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I eagerly awaited the publication of Go Set a Watchman by Harper Lee. I loved To Kill A Mockingbird and still consider it one of my favorite books. However, as the initial reviews came in, I became concerned. Atticus Finch a racist, say it ain’t so.

I took my time before I picked up Go Set a Watchman and just finished it this morning so this review may be a little clunky. My overall thoughts are these: Harper Lee is an amazing story teller,I am glad Go Set a Watchman was published and like Jean Louise, I feel confused and heartbroken by the fall of Atticus from god-like character, but relieved that their relationship seems to survive.

The first third of Go Set a Watchman brings us along with Jean Louise as she returns to Maycomb County for a visit from her home in New York. She is quickly enveloped in the warmth of her familiar relationships and in typical “Scout” fashion scandalizes the town and her Aunt by reportedly skinny dipping with Henry Clinton,24817626 her beau of sorts.

As I read, I thought “this is so tame and lovely” where is all this about Atticus being a racist? And then there it was, Atticus and Henry attending a meeting replete with racist language and ideas. Jean Louise leaves the meeting reeling and wanders through the town to the spot where her childhood home used to sit. It has been torn down and replaced by an ice cream shop mirroring how her own opinion of her father is being torn down. Her feelings are so overwhelming and she is so confused, she loses all track of time.

Jean Louise’s confusion soon leads to anger and she lashes out — at Henry, at her father, at her Aunt Alexandra. Her argument with Atticus is particularly fraught with emotion, making it difficult to read. It was hard to watch two people who so love each other so far apart on such an important issue and knowing that Atticus was tumbling off his pedestal with each word he said, for both Jean Louise and me.  Race is the key issue and while there are weaknesses in Jean Louise’s logic, I had to remember when Harper Lee wrote this novel and applaud this remarkable female character challenging the men in her life in the southern culture that still has trouble allowing women to speak their mind.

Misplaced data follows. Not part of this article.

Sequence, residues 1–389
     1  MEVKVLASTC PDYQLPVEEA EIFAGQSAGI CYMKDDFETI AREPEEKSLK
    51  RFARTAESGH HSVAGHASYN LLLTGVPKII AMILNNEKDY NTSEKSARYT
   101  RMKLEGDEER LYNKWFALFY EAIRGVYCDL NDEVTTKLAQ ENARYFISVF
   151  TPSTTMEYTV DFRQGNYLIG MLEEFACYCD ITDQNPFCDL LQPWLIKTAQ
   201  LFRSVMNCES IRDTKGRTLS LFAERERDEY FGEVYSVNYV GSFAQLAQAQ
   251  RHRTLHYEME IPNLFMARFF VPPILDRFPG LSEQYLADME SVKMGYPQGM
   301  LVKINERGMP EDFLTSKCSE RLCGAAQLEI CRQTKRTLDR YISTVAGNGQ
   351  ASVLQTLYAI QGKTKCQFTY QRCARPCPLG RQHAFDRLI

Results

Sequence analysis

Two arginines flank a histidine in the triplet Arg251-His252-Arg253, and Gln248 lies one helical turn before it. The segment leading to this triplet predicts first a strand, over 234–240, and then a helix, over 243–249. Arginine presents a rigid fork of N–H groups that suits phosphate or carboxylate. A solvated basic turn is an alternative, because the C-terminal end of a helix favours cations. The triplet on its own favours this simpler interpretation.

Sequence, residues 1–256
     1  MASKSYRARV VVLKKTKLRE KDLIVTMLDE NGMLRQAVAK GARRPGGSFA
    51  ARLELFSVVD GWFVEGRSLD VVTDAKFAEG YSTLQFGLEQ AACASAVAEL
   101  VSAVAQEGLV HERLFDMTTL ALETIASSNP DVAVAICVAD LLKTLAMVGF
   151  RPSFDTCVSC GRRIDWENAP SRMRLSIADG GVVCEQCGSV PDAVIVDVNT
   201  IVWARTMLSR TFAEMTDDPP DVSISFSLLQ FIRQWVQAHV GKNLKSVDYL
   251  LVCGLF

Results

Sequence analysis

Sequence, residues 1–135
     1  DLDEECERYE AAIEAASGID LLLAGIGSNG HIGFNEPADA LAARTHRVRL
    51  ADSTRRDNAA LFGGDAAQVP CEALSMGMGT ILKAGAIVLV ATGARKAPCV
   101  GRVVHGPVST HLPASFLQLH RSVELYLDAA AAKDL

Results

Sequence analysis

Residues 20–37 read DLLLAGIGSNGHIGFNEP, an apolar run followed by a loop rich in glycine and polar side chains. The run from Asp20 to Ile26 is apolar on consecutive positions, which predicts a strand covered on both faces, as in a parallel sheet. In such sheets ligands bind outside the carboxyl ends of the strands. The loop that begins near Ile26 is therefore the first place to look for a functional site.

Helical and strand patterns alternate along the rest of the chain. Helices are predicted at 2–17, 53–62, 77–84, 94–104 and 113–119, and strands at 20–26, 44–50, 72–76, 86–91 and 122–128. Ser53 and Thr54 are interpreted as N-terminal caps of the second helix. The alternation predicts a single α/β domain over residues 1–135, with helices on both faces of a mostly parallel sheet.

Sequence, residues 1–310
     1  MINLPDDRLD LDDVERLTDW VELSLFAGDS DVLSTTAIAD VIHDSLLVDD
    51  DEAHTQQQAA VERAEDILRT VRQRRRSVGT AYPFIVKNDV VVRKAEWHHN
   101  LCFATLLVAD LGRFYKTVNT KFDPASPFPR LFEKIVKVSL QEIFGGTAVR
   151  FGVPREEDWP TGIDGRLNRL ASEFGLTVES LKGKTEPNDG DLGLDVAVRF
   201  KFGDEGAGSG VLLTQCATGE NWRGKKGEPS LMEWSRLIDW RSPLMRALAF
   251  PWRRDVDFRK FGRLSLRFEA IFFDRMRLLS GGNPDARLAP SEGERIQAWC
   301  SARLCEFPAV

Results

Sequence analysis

Jean Louise asks Atticus, “Why in the name of God didn’t you marry again? Marry some nice dim-witted Southern lady who would have raised me right? Turned me into a simpering, mealy-mouthed magnolia type who bats her eyelashes and crosses her hands and lives for nothing but her lil’ole hus-band. At least I would have been blissful.”

Oh, how appropriate for Jean Louise to wish for something easier, without the burden of knowing what she knows, but at the same time being fully aware that she would not trade being quirky, opinionated Jean Louse Finch for anything.

Harper Lee touches on so many arguments that seem so ahead of her time that I had to admire her insight and intelligence. When Jean Louise and Henry argue, he tries to tell her about the privilege she has grown up in which Jean Louise cannot hear it. She cannot accept that she has somehow been given more opportunities due to her name and family reputation. If we took that a step further and examined white privilege, I am sure Jean Louise would have a lot of company in current society. We are all human, says Jean Louise, yet some humans are given more opportunities than others and those that have fought for every opportunity, like Henry, want to hold on like hell to the entree they feel they have earned.

In the end, I was upset by Atticus’ point of view, but understood it in context of the time and place where he lived and where Harper Lee wrote. While I don’t think Go Set a Watchman will become a classic like To Kill A Mockingbird, I think it needs to be respected and that Jean Louise should be cheered as an example of a strong, empowered female character and not reduced by the male characters in the novel.